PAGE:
3. Put the package on the tray and place a similar size tray, or a plank of wood on the top. Weight it down, with a brick or two or anything else handy (the contents of the fridge?). Turn the package daily for at least five days, and no more than eight. Do not discard the pickling liquid that oozes from the package unless it threatens to spill over the side of the tray.
4. At least one hour before you wish to serve the fish, combine all the ingredients for the dressing in a jar and shake well together. Leave to stand and shake again to emulsify before serving.
5. To serve, unwrap the gravalax and wipe off any excess pickling liquid. I like to scrape off the bits of dill and beetroot and give everything a quick wipe but you don’t have to. Slice fairly (but not too) thinly then serve with the sauce and a green side salad (I love watercress and lamb’s lettuce with this). Unused gravalax can be re-wrapped in clean foil or airtight glass box and kept in the fridge for up to five days.
This is a great breakfast (or any meal) and is super fast. The kippers are left to stand in boiling water for a few minutes while you grill the courgettes and tomatoes, simple…
I like to remove the skin of the kipper before cooking because otherwise it causes the fish to curl up unattractively. But if you don’t care about that, don’t bother. You could also have the lovely vegetables more simply with a small smoked mackerel or trout fillet – no need for the pan of water.
1 small kipper (smoked herring) fillet, skin removed with a sharp knife
1 medium courgette, sliced lengthways into strips around ½ cm thick
2 medium tomatoes, halved, woody bit removed
Extra virgin olive oil
1 teaspoons dried oregano
Freshly ground black pepper
1. Boil the kettle. While the kettle is heating up place a small pan on a medium heat to warm before putting in the kipper and pouring on enough boiling water to cover. Take off the heat and leave to poach in the hot water for about 3 minutes.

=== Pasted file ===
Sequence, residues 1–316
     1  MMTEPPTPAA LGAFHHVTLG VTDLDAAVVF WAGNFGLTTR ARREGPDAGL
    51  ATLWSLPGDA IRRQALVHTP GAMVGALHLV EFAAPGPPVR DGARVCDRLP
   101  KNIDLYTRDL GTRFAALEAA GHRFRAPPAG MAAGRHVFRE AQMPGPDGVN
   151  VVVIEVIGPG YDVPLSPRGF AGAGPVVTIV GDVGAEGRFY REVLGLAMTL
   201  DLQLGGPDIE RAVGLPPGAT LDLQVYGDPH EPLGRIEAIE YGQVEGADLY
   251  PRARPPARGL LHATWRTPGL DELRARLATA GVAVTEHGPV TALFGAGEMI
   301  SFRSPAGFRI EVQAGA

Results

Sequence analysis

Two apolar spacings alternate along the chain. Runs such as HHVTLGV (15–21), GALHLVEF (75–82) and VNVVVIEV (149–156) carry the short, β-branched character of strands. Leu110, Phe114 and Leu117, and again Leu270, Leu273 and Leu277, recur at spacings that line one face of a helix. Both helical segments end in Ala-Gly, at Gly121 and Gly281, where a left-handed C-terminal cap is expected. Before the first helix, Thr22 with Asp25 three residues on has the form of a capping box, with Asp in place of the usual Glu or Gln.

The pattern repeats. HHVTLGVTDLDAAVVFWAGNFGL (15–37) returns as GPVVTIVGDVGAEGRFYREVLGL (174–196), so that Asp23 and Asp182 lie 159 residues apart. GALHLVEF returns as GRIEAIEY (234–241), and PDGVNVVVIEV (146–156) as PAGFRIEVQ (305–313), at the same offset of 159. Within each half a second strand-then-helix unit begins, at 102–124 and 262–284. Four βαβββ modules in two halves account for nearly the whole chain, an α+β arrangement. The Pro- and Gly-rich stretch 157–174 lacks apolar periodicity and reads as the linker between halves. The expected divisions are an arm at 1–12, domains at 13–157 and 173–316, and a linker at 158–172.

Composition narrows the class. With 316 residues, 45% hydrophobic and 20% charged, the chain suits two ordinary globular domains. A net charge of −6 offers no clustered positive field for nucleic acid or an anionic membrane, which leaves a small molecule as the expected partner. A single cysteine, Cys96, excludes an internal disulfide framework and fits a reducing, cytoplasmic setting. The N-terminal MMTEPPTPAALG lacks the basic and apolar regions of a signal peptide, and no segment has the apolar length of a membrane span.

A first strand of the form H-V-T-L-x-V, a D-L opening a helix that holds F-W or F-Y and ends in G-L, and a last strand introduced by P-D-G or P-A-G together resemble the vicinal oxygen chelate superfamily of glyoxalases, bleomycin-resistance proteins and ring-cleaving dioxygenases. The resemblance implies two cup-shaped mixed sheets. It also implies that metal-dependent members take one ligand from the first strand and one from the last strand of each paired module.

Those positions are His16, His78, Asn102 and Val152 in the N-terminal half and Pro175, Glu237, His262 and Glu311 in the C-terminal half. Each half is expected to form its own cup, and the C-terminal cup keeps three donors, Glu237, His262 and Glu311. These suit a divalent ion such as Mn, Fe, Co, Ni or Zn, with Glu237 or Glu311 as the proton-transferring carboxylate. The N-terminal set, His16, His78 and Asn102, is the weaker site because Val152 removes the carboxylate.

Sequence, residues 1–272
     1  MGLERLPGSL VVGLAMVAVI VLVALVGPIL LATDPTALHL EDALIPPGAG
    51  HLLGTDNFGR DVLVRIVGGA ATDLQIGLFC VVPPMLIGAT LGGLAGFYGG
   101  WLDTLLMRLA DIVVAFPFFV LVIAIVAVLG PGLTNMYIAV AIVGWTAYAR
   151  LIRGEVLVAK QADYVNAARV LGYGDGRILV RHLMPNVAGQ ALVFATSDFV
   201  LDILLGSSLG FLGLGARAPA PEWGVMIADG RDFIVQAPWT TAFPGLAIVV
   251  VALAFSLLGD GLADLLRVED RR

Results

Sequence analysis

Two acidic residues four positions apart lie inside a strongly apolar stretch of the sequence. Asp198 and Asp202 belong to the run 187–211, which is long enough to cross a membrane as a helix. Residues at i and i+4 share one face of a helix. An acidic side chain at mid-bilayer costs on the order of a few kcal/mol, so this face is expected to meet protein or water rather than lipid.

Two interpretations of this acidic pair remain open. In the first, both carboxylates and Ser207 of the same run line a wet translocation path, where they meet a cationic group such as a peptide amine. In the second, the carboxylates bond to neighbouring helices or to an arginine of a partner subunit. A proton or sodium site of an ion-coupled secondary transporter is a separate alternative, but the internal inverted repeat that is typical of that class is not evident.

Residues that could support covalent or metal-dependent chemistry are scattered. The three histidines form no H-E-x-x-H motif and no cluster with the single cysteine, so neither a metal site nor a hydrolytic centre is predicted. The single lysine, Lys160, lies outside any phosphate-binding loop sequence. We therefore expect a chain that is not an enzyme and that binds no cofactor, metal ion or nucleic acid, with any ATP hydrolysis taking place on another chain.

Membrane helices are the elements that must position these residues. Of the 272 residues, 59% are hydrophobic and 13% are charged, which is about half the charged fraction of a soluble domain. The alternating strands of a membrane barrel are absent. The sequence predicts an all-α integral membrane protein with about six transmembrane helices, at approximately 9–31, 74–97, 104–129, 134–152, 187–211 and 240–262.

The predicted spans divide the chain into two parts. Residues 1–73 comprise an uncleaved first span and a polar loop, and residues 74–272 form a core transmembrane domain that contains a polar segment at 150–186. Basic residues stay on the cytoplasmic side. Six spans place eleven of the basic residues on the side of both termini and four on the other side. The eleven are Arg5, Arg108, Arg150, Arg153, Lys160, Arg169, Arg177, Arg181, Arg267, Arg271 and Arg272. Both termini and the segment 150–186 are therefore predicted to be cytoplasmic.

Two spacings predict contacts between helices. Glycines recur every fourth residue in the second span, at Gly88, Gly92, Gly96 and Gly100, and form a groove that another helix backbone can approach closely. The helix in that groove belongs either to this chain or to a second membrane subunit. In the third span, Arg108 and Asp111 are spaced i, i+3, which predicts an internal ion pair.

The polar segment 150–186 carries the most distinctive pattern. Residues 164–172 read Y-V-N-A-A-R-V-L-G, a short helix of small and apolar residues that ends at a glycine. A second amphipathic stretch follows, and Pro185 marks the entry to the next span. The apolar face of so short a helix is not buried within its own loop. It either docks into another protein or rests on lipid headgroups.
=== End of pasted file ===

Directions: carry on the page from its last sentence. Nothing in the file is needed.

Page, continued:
2. Meanwhile heat the grill. Place the courgettes and tomatoes on a baking sheet or on the grill rack and cook until just softened. You are not looking for everything to be squishy, just heated through and softened slightly.
3. Arrange on a plate, sprinkle with olive oil to taste and scatter the dried oregano over the tomatoes.
4. Serve with the kipper.
Why this is good for you: Kippers are smoked herrings. Because herrings are a wild cold water fish, they are rich in essential omega 3 fats you need for healthy skin and hair. Omega 3 helps prevent your blood from clotting too much and this helps bring more blood and nutrients to the whole of your body. Oregano, even dried, is high in antioxidants (provided you store it away from light and air) and has anti-fungal, anti-yeast and anti-microbial properties against bad bacteria in your gut. “Bad” bacteria and yeast are a major cause of skin problems and weight issues. They can be lowered, and good bacteria encouraged, by what you eat every day. Tomatoes and courgettes are a rich source of beneficial fibre and (more) antioxidants, which protect our bodies from inflammation and delay the ageing process. This breakfast is very light on carbohydrates (sugars) and free from grains so its super-healthy.